Though reducing deforestation is the chief objective of most conservation strategies in tropical rainforest countries — and rightly so — the condition of the remaining forest is rarely measured or controlled by policy initiatives.
A new study in Nature finds that in the state of Pará, which comprises 25 percent of the Brazilian Amazon, road building, selective logging, wildfires, and other disturbances have reduced biodiversity as much as clearing 92,000 to 139,000 square kilometers (about 35,500 to 53,700 square miles) of pristine forest.
Most alarmingly, it appears that those species that are under the greatest threat of extinction are suffering the most from human disturbances.
Though reducing deforestation is the chief objective of most conservation strategies in tropical rainforest countries — and rightly so — the condition of the remaining forest is rarely measured or controlled by policy initiatives. We are therefore failing to address some of the most dire impacts of human activities on forests and biodiversity, researchers are warning.
For instance, in the state of Pará, which comprises 25 percent of the Brazilian Amazon, road building, selective logging, wildfires, and other disturbances have reduced biodiversity as much as clearing 92,000 to 139,000 square kilometers (about 35,500 to 53,700 square miles) of pristine forest — which is larger than the area deforested between 2006 and 2015 across the entire Brazilian Amazon.
That’s according to a study published today by the journal Nature that examines how forest disturbances from human activities contribute to biodiversity loss. The most negative effects, the study finds, are impacting species of high conservation and functional value.
An international team of researchers from 18 different institutions looked at 1,538 plant, 460 bird, and 156 dung beetle species throughout Pará — a state the size of South Africa that has been the focus of much effort to protect the Amazon rainforest and the wildlife that rely on it. The team found that even in landscapes that have the highest levels of protection under Brazil´s Forest Code, disturbed forests had lost between 46 and 61 percent of their conservation value.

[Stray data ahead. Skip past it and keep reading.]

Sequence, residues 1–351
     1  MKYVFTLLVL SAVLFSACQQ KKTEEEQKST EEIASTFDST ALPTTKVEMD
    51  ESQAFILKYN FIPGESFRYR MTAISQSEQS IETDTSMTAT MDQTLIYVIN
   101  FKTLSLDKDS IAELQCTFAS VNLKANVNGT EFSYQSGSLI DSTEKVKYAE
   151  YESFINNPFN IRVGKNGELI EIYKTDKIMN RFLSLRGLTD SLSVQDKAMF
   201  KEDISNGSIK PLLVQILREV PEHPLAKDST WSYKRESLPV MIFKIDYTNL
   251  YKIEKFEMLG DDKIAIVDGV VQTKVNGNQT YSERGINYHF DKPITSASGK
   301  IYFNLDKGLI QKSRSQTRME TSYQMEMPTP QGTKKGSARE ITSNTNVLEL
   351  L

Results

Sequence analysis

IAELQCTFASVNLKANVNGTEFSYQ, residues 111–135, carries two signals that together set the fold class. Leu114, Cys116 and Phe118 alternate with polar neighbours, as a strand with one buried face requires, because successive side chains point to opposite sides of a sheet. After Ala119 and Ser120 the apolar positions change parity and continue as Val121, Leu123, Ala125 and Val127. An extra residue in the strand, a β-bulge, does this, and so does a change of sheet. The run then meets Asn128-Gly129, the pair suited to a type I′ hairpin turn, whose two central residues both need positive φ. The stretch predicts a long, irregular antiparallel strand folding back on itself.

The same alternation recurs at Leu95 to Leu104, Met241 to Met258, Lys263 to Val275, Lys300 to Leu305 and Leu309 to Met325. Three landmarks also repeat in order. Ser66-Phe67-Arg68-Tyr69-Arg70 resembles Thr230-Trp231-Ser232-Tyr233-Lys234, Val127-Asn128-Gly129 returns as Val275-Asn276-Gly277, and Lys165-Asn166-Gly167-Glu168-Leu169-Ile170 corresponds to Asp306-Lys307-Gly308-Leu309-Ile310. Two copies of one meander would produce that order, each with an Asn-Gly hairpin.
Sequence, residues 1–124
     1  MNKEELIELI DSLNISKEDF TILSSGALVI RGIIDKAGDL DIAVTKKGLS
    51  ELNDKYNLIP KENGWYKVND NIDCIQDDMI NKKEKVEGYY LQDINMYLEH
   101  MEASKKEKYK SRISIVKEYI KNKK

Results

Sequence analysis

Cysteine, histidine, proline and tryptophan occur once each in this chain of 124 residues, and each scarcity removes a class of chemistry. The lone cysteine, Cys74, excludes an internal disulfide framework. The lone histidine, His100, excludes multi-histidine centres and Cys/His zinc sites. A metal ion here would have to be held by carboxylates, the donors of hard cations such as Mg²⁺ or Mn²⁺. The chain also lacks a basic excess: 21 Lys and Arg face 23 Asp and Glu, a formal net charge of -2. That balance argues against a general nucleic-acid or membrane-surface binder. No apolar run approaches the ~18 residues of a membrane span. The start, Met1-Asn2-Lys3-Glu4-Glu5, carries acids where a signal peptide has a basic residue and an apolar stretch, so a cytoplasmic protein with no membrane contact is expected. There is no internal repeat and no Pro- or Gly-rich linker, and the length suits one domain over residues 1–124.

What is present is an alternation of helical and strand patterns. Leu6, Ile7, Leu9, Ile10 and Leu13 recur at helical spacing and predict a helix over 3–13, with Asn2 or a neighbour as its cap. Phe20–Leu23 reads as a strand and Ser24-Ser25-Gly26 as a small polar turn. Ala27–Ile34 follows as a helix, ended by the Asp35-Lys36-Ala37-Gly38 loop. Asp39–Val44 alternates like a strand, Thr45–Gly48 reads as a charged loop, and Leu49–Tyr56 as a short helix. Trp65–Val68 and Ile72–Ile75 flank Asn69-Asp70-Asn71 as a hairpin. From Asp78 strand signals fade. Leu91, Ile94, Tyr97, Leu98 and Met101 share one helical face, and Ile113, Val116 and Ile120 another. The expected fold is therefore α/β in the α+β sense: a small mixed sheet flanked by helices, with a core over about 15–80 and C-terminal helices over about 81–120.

This is compelling evidence that rainforest conservation initiatives must address forest disturbance as well as deforestation, Jos Barlow, lead author of the study and a professor of conservation science at Lancaster University in the UK, said in a statement. The Amazon not only provides habitat for an array of species found nowhere else on Earth, but is also a vital component of the Earth’s biosphere that helps to sustain the planet’s hydrological systems and stores vast amounts of carbon, thereby helping regulate the global climate.
“Without urgent action, the expansion of logging operations and the spread of wildfires fuelled by human-induced climate change mean that tropical forests are likely to become increasingly degraded, conserving only a fraction of the breathtaking diversity they once harboured,” Barlow said.
Barlow and team studied 36 catchments in Pará and found that those retaining more than 69 to 80 percent of forest cover lose more conservation value from disturbance than from forest loss. Losing 20 percent of primary forest (the maximum level of deforestation allowed under Brazil’s Forest Code), for example, resulted in a 39 to 54 percent loss of conservation value, according to the study. That’s a loss of conservation value that is 96 to 171 percent higher than would be expected if disturbance effects weren’t factored in.
“The functional impairment of forests at such large scales means we cannot depend on them to provide the same level of ecosystem service anymore,” study co-author Toby Gardner, a senior research fellow at the Stockholm Environment Institute in Sweden, explained.
Gardner added that the team’s results should serve as a wake-up call: “Brazil demonstrated unprecedented leadership in curbing deforestation in the last decade. The same level of leadership is now needed to protect the health of the forests that remain in Brazil and across the tropics. Otherwise, decades of conservation effort will have been in vain.”
Most alarmingly, it appears that those species that are under the greatest threat of extinction are suffering the most from human disturbances. The state of Pará is home to over 10 percent of Earth’s bird species, many of which are unique to the region, according to Dr. Alexander Lees of Cornell University, the team’s lead ornithologist. “Our results show that it is these endemic species that are suffering most from the effects of human disturbances, because they cannot survive in disturbed forests,” Lees added.
Immediate action is required to rein in forest disturbances in tropical nations, the team said. That’s especially true in Brazil, which contains 40 percent of the world’s remaining tropical forests.
“Tropical forests are one of Earth’s most precious biological treasures,” Dr. Gareth Lennox of Lancaster University said. “By focusing on the extent of forests that remain and ignoring their health, current national and international conservation strategies are inadvertently placing that treasure in jeopardy.”
- Barlow, J., Lennox, G.D., Ferreira, J., et. al. (2016). Anthropogenic disturbance in tropical forests can double biodiversity loss from deforestation. Nature. doi:10.1038/nature18326